Sodium levels are very closely linked to fluid levels, as sodium is an extracellular electrolyte.
- As opposed to potassium which is intracellular.
Signs & Symptoms
The low blood volume is usually a result of the low sodium. The reduction in sodium is usually relatively greater than the reduction of fluid volume
- Diuretics (particularly thiazide & loop diuretics)
- Mineralocorticoid insufficiency (Addison’s)
- Osmotic dieresis (low glucose, urea)
Sodium levels are usually quite near to normal
SIADH - Syndrome of Inappropriate ADH secretion - persistent release of ADH despite normovolaemia leading to water retention. Causes include:
- CNS disturbances – infection, neoplasm, vascular, inflammatory, trauma, psychosis
- Neoplasm – ectopic ADH secretion from SCLC (pancreas, head and neck)
- Pain – post abdominal and thoracic surgery
- Surgery – post transspehnoidal pituitary surgery in 20-35%
- Pulmonary disease – especially pneumonia
- Drugs – SSRI, carbamazepine, cyclophosphamide, opiates, MAOI, ECSTASY (can also be associated with excessive water intake).
Primary polydipsia - often seen in patients with psychiatric conditions esp. those in anit-psychotics. Also seen in those with lesions in hypothalamic thirst centre e.g. in sarcoidosis.
Low dietary Na+
Advanced renal failure - inability of the kidneys to excrete free water. Minimum urine osmolality can rise to 200mosm/kg despite no ADH. Low osmolality can be offset by increase urea. However as urea can cross freely across cell membranes, it is an ineffective osmole hence effective osmolality is decreased.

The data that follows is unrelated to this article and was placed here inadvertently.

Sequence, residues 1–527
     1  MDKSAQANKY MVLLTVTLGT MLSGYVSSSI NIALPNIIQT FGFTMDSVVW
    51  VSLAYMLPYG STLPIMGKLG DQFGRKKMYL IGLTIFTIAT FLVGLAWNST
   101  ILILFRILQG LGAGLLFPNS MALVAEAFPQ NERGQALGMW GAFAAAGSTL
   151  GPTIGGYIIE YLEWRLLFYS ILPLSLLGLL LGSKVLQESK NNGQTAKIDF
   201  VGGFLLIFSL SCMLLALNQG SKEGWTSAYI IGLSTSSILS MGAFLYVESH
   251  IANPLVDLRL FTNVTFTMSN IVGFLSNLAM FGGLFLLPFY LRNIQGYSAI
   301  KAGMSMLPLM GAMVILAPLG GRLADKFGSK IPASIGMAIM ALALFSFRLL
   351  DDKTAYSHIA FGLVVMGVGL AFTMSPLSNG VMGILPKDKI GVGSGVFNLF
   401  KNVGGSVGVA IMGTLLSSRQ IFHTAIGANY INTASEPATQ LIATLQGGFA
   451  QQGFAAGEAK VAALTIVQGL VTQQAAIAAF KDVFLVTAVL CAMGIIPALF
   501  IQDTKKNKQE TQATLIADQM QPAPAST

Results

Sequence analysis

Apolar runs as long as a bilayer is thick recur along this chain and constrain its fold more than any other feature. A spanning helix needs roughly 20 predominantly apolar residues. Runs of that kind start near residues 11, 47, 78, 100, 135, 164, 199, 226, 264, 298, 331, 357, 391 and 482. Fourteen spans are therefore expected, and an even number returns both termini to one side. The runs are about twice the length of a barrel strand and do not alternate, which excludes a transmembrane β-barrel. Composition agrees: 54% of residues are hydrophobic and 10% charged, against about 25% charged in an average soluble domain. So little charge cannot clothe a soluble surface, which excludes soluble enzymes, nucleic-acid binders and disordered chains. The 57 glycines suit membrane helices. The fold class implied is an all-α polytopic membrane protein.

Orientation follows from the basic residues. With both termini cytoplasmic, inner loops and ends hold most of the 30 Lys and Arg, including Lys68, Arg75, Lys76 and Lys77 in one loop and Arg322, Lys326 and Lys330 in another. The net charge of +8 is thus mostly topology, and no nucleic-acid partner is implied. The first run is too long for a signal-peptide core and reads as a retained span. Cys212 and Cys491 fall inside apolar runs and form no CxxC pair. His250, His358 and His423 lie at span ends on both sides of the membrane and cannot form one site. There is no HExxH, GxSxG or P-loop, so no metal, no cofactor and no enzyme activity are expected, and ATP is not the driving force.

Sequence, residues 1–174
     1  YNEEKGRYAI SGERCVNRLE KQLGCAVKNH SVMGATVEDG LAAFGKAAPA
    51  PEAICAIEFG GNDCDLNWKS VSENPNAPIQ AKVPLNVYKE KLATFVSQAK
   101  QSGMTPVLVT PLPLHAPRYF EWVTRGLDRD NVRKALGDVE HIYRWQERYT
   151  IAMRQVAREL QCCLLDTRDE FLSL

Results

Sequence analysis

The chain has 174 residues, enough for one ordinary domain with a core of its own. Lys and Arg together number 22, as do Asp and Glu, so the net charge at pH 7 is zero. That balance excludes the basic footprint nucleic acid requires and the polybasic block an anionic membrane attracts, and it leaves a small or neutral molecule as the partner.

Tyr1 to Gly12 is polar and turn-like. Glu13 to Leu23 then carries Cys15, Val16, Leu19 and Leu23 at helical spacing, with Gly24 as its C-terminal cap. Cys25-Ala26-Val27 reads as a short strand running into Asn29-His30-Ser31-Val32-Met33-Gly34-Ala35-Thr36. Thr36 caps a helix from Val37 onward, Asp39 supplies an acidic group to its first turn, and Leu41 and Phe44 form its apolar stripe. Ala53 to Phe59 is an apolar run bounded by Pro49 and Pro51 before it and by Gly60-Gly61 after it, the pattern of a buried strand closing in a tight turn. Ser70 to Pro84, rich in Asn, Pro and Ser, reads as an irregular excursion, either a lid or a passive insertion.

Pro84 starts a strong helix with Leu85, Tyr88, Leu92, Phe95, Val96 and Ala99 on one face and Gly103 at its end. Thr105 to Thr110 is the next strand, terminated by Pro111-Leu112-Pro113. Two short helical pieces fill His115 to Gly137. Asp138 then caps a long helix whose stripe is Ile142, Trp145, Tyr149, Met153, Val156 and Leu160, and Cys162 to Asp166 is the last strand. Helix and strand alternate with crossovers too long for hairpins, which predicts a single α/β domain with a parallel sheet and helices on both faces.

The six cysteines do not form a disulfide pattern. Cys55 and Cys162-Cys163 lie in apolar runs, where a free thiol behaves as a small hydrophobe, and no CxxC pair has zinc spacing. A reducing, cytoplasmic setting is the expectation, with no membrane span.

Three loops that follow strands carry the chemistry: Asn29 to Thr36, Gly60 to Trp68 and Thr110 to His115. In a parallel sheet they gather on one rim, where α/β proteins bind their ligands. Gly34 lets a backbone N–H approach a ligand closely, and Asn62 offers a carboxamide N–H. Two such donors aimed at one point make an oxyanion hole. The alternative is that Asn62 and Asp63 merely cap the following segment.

Hormonal insufficiency –
The high blood volume occurs due a high concentration of some other solute in relation to sodium.
- History – fluid loss, excessive water intake, malignancy, addisons, hypothyroid
- Examination – oedema, extracellular water depletion
- Investigations – serum osmolality (275-290), urine osmolality, urine Na+
- Treat underlying cause
- Fluid restriction – below urine output. Used for oedematous states (heart and liver failure), SIADH, primary polydipsia and advanced renal failure
- Na+ replacement – true volume depletion (removes stimulus for ADH release) or adrenal insufficiency (replaces Na+ lost from kidneys)
- ADH antagonist
Avoid rapid early correction of hyponatraemia, especially severe (<115mmol/L). Replacing Na+ too quickly can lead to osmotic demyelination syndrome. The brain compensates for hyponatraemia associated oedema within the first day and is complete within a few days. Replacing Na+ too quickly leads to fluid being drawn out of the CNS hence the brain goes from too much fluid to too little causing demyelination. This occurs when Na+ replacement exceeds 10-12mmol/L/24hrs or 18mmol/L/48hrs. Hence aim to replace Na+by <10mmol/L /24hrs and <18mmol/L/48hrs
- See more at: http://almostadoctor.co.uk/content/systems/nephrology/sodium#sthash.YPMK8T73.dpuf